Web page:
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Evaluation of the prevalence of stress and its phases in acute myocardial infarction in patients active in the labor market.

Lucinda LB, Prosdócimo AC, de Carvalho KA, Francisco JC, Baena CP, Olandoski M, do Amaral VF, Faria-Neto JR, Guarita-Souza LC - Rev Bras Cir Cardiovasc (2015 Jan-Mar)

Bottom Line: Thirty-one patients (72.1%) presented stress and twelve (27.8%) did not.All women researched presented stress.The results suggest a high level of stress, especially in the resistance phase, in the male infarcted population, hospitalized and active in the labor market.

View Article: PubMed Central - PubMed

Affiliation: Pontifícia Universidade Católica do Paraná, Curitiba, PR, Brazil.

ABSTRACT

Introduction: Acute myocardial infarction is a social health problem of epidemiological relevance, with high levels of morbidity and mortality. Stress is one of the modifiable risk factors that triggers acute myocardial infarction. Stress is a result of a set of physiological reactions, which when exaggerated in intensity or duration can lead to imbalances in one's organism, resulting in vulnerability to diseases.

Objective: To identify the presence of stress and its phases in hospitalized and active labor market patients with unstable myocardial infarction and observe its correlation with the life of this population with stress.

Methods: The methodology used was a quantitative, descriptive and transversal research approach conducted with a total of 43 patients, who were still active in the labor market, presenting or not morbidities. Data collection occurred on the fourth day of their hospitalization and patients responded to Lipp's Stress Symptom Inventory for adults.

Results: Thirty-one patients (72.1%) presented stress and twelve (27.8%) did not. In patients with stress, the identified phases were: alert - one patient (3.2%); resistance -twenty-two patients (71.0%); quasi-exhaustion - six patients (19.4%) and exhaustion - two patients (6.5%). All women researched presented stress.

Conclusion: The results suggest a high level of stress, especially in the resistance phase, in the male infarcted population, hospitalized and active in the labor market.

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Related in: MedlinePlus

Graphic showing that the percentage of the patients presented criteria forinclusion in stress situations
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f03: Graphic showing that the percentage of the patients presented criteria forinclusion in stress situations

Mentions: 82.1% were sedentary and only 17.9% confirmed to practice physical exercisesregularly (Figure 2). Regarding the body massindex (BMI), the average was 26.4 with standard deviation of ± 4.2. 72% of thepatients presented criteria for inclusion in stress situations and 27% did not(Figure 3).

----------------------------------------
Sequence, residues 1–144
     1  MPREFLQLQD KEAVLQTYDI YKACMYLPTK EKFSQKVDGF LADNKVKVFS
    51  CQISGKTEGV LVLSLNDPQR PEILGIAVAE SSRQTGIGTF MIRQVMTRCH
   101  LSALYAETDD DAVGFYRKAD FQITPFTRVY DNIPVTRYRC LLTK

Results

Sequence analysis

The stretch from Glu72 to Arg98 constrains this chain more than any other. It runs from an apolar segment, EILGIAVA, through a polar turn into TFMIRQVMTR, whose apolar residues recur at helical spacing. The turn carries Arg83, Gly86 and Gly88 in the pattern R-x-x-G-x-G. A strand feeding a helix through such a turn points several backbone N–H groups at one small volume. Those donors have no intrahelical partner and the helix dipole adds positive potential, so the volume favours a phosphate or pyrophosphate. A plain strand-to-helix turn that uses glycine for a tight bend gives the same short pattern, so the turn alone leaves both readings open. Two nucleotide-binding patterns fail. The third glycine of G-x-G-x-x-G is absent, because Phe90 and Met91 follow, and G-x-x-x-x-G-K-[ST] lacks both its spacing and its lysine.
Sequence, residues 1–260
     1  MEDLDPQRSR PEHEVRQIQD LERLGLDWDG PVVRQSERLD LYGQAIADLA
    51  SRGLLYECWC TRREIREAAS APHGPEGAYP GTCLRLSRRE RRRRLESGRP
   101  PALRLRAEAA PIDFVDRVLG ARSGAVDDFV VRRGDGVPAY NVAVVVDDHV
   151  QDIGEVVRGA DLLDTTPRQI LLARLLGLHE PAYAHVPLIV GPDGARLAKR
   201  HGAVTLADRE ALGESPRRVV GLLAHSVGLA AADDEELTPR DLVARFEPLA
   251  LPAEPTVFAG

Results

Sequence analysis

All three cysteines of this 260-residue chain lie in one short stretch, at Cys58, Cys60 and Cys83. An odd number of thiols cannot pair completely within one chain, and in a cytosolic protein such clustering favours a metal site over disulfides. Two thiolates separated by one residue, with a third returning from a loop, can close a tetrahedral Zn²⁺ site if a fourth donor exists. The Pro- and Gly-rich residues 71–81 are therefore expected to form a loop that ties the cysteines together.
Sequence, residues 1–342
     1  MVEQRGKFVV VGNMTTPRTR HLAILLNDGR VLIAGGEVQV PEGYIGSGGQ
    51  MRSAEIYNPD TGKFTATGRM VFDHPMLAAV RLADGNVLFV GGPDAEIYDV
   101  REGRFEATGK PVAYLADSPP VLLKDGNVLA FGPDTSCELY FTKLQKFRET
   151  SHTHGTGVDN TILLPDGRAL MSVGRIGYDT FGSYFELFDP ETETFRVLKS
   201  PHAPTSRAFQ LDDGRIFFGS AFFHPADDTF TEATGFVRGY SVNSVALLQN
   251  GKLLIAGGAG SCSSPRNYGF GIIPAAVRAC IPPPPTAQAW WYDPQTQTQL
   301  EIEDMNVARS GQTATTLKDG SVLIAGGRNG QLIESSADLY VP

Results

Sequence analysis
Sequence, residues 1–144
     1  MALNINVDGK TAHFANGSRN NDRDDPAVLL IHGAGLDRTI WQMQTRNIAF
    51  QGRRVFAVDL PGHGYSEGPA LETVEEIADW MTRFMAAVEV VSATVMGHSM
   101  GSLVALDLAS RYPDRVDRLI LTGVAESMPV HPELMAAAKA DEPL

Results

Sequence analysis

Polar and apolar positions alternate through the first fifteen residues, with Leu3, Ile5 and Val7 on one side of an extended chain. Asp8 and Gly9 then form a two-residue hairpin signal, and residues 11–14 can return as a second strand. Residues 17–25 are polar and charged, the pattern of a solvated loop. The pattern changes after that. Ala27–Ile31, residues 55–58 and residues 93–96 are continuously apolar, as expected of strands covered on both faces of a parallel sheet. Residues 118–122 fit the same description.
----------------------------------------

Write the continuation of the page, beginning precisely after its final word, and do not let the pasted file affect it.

Evaluation of the prevalence of stress and its phases in acute myocardial infarction in patients active in the labor market.

Lucinda LB, Prosdócimo AC, de Carvalho KA, Francisco JC, Baena CP, Olandoski M, do Amaral VF, Faria-Neto JR, Guarita-Souza LC - Rev Bras Cir Cardiovasc (2015 Jan-Mar)

Graphic showing that the percentage of the patients presented criteria forinclusion in stress situations
© Copyright Policy - open-access
Related In: Results  -  Collection

License
Show All Figures
getmorefigures.php?uid=PMC4389525&req=5

f03: Graphic showing that the percentage of the patients presented criteria forinclusion in stress situations
Mentions: 82.1% were sedentary and only 17.9% confirmed to practice physical exercisesregularly (Figure 2). Regarding the body massindex (BMI), the average was 26.4 with standard deviation of ± 4.2. 72% of thepatients presented criteria for inclusion in stress situations and 27% did not(Figure 3).

Bottom Line: Thirty-one patients (72.1%) presented stress and twelve (27.8%) did not.All women researched presented stress.The results suggest a high level of stress, especially in the resistance phase, in the male infarcted population, hospitalized and active in the labor market.

View Article: PubMed Central - PubMed

Affiliation: Pontifícia Universidade Católica do Paraná, Curitiba, PR, Brazil.

ABSTRACT

Introduction: Acute myocardial infarction is a social health problem of epidemiological relevance, with high levels of morbidity and mortality. Stress is one of the modifiable risk factors that triggers acute myocardial infarction. Stress is a result of a set of physiological reactions, which when exaggerated in intensity or duration can lead to imbalances in one's organism, resulting in vulnerability to diseases.

Objective: To identify the presence of stress and its phases in hospitalized and active labor market patients with unstable myocardial infarction and observe its correlation with the life of this population with stress.

Methods: The methodology used was a quantitative, descriptive and transversal research approach conducted with a total of 43 patients, who were still active in the labor market, presenting or not morbidities. Data collection occurred on the fourth day of their hospitalization and patients responded to Lipp's Stress Symptom Inventory for adults.

Results: Thirty-one patients (72.1%) presented stress and twelve (27.8%) did not. In patients with stress, the identified phases were: alert - one patient (3.2%); resistance -twenty-two patients (71.0%); quasi-exhaustion - six patients (19.4%) and exhaustion - two patients (6.5%). All women researched presented stress.

Conclusion: The results suggest a high level of stress, especially in the resistance phase, in the male infarcted population, hospitalized and active in the labor market.

Show MeSH
Related in: MedlinePlus